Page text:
Only five teams allowed fewer total yards last season than the Chargers and just four were stingier against the pass.
Yet, defensive coordinator Gus Bradley admitted Wednesday those facts rang hollow in the aftermath of the team’s 5-11 finish.
“I think to all of us as a defense and defensive coaches,” he said, “it didn’t feel like that.”
Instead, Bradley noted the areas in which the Chargers struggled and how those facts better detailed why a promising season dissolved into an underachieving one.
Bradley’s unit was 21st in red-zone defense, 29th on third down and 32nd in takeaways.
The Chargers finished tied for last with a minus-17 turnover differential, which is why, when asked recently what the defense needs to improve upon in 2020, safety Derwin James blurted, “Takeaways.”
James then added: “We gotta get the ball. It’s all about the ball.”
To that end, Bradley said an emphasis will be placed on pressuring quarterbacks this season, the idea being that offenses are more susceptible to game-changing mistakes when hurried.
Even with Pro Bowlers Joey Bosa and Melvin Ingram on the edges, the Chargers lacked reliable pressure in 2019. After Bosa and Ingram, no one had as many as three sacks. League-leading Pittsburgh had six players with at least three sacks.
“Yes, you’ve got to stop the run,” Bradley said. “Yes, you’ve got to eliminate explosive plays. But you have to find ways to affect the quarterback … We didn’t do a good enough job last year in doing that.”
In 2019, eight of the top 10 defenses in passer rating made the playoffs. The Chargers finished 23rd, one spot behind two-win Cincinnati.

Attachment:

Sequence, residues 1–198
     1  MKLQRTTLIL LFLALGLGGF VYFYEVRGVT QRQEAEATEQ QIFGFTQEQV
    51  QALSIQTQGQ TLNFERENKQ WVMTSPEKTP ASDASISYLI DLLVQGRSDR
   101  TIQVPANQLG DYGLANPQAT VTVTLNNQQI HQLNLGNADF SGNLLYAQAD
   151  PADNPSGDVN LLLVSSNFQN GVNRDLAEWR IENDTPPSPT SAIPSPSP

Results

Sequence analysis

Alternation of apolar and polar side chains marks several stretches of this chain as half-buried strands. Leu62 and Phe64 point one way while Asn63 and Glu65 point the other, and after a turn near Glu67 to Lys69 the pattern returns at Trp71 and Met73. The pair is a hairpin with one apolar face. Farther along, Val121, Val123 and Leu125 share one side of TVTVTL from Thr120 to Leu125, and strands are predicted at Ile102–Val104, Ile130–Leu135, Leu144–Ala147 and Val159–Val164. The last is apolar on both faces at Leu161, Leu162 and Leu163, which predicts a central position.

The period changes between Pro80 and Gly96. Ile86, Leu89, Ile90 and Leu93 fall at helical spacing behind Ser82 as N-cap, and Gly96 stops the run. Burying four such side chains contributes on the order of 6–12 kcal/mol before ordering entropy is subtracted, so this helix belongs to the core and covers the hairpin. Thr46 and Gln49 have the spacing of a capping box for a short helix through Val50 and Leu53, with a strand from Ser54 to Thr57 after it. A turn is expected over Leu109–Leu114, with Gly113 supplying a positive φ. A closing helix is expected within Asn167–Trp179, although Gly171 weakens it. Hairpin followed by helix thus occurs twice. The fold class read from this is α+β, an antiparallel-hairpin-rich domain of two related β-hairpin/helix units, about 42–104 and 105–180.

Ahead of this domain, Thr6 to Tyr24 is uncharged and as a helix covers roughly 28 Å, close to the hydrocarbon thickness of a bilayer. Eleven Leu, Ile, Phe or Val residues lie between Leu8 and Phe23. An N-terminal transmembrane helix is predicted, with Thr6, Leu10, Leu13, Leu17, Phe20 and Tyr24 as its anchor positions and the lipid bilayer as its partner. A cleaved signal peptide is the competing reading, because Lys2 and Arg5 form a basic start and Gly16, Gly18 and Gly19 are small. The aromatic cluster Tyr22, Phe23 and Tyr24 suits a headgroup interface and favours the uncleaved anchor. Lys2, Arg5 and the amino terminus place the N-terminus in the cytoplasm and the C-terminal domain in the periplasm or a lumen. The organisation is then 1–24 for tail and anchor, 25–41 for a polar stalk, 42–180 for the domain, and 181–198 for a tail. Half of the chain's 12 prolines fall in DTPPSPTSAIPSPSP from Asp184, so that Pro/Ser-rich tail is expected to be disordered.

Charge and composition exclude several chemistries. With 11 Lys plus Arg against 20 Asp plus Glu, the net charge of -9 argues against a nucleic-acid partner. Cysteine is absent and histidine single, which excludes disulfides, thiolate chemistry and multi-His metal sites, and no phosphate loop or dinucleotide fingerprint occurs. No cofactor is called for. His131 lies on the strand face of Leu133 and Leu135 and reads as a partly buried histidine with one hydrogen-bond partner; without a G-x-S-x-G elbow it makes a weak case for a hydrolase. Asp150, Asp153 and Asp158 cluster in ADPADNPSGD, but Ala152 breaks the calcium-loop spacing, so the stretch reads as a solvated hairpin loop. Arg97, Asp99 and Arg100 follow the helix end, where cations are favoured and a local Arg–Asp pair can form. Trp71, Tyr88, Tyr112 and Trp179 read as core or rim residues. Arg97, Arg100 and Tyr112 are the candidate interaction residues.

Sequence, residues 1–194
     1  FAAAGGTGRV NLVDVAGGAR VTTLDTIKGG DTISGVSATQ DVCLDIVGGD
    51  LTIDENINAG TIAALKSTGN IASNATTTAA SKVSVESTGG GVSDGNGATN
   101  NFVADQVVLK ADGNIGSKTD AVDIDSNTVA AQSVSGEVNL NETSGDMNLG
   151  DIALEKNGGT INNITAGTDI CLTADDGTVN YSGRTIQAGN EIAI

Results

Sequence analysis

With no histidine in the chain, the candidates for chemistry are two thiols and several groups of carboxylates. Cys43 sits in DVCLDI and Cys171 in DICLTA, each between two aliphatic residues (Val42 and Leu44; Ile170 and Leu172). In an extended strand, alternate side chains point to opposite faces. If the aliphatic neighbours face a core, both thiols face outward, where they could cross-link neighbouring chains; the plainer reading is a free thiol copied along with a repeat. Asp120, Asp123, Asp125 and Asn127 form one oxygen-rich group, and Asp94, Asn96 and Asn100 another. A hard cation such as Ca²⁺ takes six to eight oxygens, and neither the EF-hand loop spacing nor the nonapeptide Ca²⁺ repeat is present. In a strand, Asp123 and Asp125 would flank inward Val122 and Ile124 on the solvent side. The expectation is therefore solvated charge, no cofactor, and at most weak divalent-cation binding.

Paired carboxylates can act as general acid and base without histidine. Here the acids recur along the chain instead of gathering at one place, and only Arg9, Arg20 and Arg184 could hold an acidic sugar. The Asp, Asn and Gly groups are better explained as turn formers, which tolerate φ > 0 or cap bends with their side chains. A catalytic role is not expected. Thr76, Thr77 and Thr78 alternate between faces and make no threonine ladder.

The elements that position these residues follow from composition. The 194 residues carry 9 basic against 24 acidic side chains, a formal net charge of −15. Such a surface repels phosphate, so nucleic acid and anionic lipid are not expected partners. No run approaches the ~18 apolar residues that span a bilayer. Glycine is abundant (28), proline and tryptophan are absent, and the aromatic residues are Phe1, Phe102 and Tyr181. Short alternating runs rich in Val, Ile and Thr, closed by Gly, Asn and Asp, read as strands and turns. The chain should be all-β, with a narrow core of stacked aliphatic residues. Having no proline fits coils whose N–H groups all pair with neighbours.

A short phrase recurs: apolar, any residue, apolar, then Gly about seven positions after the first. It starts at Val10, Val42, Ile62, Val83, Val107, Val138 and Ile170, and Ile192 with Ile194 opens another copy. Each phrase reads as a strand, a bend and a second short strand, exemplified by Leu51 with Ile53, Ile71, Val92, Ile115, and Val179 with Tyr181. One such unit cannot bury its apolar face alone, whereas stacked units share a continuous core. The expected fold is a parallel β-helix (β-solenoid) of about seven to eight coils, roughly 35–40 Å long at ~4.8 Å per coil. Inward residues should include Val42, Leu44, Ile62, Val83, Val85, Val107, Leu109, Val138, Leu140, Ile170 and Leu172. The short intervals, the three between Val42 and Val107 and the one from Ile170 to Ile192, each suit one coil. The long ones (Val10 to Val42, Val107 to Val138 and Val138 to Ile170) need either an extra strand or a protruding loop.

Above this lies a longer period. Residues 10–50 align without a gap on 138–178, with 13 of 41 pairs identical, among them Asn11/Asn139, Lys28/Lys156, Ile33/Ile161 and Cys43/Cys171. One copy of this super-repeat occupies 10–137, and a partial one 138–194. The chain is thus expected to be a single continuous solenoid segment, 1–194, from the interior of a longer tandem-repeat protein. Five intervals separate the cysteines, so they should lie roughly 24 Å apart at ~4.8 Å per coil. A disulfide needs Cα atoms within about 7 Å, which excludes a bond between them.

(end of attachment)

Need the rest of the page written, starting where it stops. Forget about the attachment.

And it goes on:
So, this offseason they’ve added nose tackle Linval Joseph, a 329-pound former power lifter who’s expected to bring a new level of athleticism.
Joseph is replacing Brandon Mebane, who is four years older and an ex-team captain. On Wednesday, Bradley praised Mebane, particularly for his leadership. But the Chargers understand they need to find a push in the middle.
“We’ll see if he can bring some more explosiveness, more of a penetrating-type mentality to that position,” Bradley said of Joseph.
They also are counting on the continued development of defensive tackle Jerry Tillery, their first-round pick in 2019. Tillery was added in part because of the belief he could pressure the quarterback from inside.
Instead, his rookie season was mostly a difficult transition, especially in dealing with double teams, something Bradley said Tillery is attempting to combat by increasing his strength and size.
The Chargers also signed veteran cornerback Chris Harris Jr. and veteran linebacker Nick Vigil and used draft picks on linebacker Kenneth Murray Jr. (first round) and safety Alohi Gilman (sixth round).
Those moves should provide increased positional versatility and play-making among the defense’s back seven spots.
After he joined the team, Harris said he was told the Chargers planned to shake up their defensive plans, which Bradley confirmed Wednesday.
Bradley said, if things fall into place, his defense will be able to play more man-to-man pass coverage, a sharp departure from recent seasons.
“We need to mix it up more,” Bradley said. “[Playing man] I think lowers the quarterback rating. Generally, when you look at them [man-to-man statistics] over the course of a year, if you don’t overdo it, they have better numbers than zone.”